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“Fanzines peaked in popularity at some point in the ’90s when there were books about them; Factsheet Five was around and there were more and better distributors to handle them. It now seems like they were on the way out even then. The Internet really is changing everything. Most of the distributors that didn’t declare bankruptcy or were bought out changed all of their policies (on returns, percentage paid, and other matters) and made it even harder for indy ’zines to survive. The biggest distribution nightmare was when Fine Print of Texas went under owing money to all the ’zines they had carried.”

Even though Michael now lives in Virginia, he says that PV is still printed in the NYC area. “We moved to the Eastern Shore of Virginia in 2000 after a series of memorable negative events both personal (we nearly died in a head-on car crash in New Jersey) and well-known and newsworthy. 1999 was the year of the Y2K panic, The Woodstock disaster (we had first-hand reports) and Columbine. Locally, The Narrowsburg International Film Festival was part of a short-lived but book-worthy con orchestrated by a low-level wise guy from Brooklyn who had starred in an autobiographical shot-on-video movie called Wacking Cows. We had to escape from the huge Times Square Loews Theater in Manhattan on Easter during a wilding-style riot at a showing of The Matrix. Our car was totaled by a guy talking on his cell phone. We spent New Year’s Eve in Times Square and decided it was time for a change of scenery (and weather).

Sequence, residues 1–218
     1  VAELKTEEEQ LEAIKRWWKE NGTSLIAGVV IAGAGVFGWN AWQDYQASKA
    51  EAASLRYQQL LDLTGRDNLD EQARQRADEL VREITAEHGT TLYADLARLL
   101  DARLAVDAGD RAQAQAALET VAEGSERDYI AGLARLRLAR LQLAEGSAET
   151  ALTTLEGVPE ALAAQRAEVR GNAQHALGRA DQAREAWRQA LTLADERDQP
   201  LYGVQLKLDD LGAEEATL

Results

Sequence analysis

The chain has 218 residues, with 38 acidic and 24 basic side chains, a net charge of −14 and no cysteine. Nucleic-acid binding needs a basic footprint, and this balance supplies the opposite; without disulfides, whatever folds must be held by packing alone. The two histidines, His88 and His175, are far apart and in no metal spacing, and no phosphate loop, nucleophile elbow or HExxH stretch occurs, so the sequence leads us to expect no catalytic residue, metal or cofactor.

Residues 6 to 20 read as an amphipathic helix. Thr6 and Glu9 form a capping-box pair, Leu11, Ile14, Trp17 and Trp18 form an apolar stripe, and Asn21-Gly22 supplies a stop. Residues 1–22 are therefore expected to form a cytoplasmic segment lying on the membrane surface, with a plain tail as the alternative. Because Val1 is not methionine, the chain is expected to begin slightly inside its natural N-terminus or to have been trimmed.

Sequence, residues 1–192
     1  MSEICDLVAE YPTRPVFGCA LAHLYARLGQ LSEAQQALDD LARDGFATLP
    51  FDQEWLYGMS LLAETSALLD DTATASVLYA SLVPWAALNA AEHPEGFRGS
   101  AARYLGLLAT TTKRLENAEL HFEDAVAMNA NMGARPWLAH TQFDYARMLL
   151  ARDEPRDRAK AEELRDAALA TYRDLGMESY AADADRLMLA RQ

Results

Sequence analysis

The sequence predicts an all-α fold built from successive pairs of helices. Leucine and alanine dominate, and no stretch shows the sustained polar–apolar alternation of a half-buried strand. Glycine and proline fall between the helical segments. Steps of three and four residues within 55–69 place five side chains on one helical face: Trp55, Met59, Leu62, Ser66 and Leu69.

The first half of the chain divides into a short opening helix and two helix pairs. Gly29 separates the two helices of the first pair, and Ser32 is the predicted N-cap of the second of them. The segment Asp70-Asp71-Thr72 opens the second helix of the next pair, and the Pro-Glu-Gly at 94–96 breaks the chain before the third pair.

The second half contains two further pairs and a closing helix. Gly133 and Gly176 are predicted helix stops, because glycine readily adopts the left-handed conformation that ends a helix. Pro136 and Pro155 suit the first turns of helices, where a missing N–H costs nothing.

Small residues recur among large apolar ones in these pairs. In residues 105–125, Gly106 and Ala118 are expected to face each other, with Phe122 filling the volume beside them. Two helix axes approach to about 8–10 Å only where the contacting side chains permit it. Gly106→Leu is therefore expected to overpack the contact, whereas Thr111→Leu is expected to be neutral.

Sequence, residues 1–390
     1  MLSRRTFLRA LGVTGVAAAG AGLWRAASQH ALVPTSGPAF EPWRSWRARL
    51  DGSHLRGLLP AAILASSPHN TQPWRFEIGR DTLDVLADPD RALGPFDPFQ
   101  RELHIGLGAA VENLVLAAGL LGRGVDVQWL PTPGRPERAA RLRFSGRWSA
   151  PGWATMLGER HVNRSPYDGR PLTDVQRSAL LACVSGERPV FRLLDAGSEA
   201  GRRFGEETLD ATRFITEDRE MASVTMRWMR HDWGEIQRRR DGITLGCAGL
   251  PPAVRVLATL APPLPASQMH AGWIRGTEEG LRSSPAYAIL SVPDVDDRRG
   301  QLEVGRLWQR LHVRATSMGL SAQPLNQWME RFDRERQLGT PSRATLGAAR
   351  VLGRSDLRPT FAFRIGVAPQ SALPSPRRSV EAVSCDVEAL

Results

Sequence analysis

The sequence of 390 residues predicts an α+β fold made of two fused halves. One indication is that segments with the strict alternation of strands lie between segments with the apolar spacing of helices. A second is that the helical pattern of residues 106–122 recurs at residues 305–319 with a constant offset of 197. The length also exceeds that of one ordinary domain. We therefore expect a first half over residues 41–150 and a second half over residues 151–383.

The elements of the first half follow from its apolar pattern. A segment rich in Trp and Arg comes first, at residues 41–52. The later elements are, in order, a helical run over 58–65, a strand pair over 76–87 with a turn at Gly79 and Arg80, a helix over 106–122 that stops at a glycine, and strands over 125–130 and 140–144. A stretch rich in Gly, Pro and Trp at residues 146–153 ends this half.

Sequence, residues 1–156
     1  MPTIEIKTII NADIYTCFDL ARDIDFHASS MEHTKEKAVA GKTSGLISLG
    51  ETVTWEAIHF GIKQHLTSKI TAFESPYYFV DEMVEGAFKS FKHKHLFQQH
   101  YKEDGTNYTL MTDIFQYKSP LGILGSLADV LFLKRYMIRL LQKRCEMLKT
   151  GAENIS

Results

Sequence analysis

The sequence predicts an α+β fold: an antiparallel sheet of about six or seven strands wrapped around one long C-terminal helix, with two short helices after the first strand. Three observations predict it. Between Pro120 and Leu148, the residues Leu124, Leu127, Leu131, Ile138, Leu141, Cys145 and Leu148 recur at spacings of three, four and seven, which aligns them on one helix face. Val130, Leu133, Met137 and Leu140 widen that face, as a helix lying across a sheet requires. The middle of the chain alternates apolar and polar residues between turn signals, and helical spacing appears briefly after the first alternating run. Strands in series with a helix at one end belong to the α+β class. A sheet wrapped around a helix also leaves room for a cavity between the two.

“I basically felt the same way I did in 1979 when I decided to leave Cleveland; things in general were getting dangerously out of hand and it seemed like something really awful was going to happen. Just after I moved to NYC, the Iran hostage crisis happened, Reagan and Bush were elected and Lennon was shot. Just after we moved totally out of New York (City and upstate), George W. was elected, the WTC (where we ate dinner on our wedding day) toppled and George Harrison died. Somehow we seem trapped in cycles as things devolve. Did I mention that Devo played live in The Drome?

“I first saw Devo in a small club in nearby Akron. Johnny Dromette got to be friends with Mark Mothersbaugh and their hard-working original manager (who they dumped after being signed). The Drome showed Devo’s amazing videos to open several Disasto shows (starring Pere Ubu, Suicide Commandos, Destroy All Monsters, Pagans, and others) and Devo played live for free in the store once, complete with Mark as Boogie Boy in a playpen. I thought they were totally unique, funny and disturbing. I remember hearing Mark talking to David Thomas about the future and goals of their still-unsigned bands, never imagining that both would last so long and do so well. Mothersbaugh had a homemade scrapbook illustrating all aspects of de-evolution. That must have been the primer for the Subgenious Foundation.”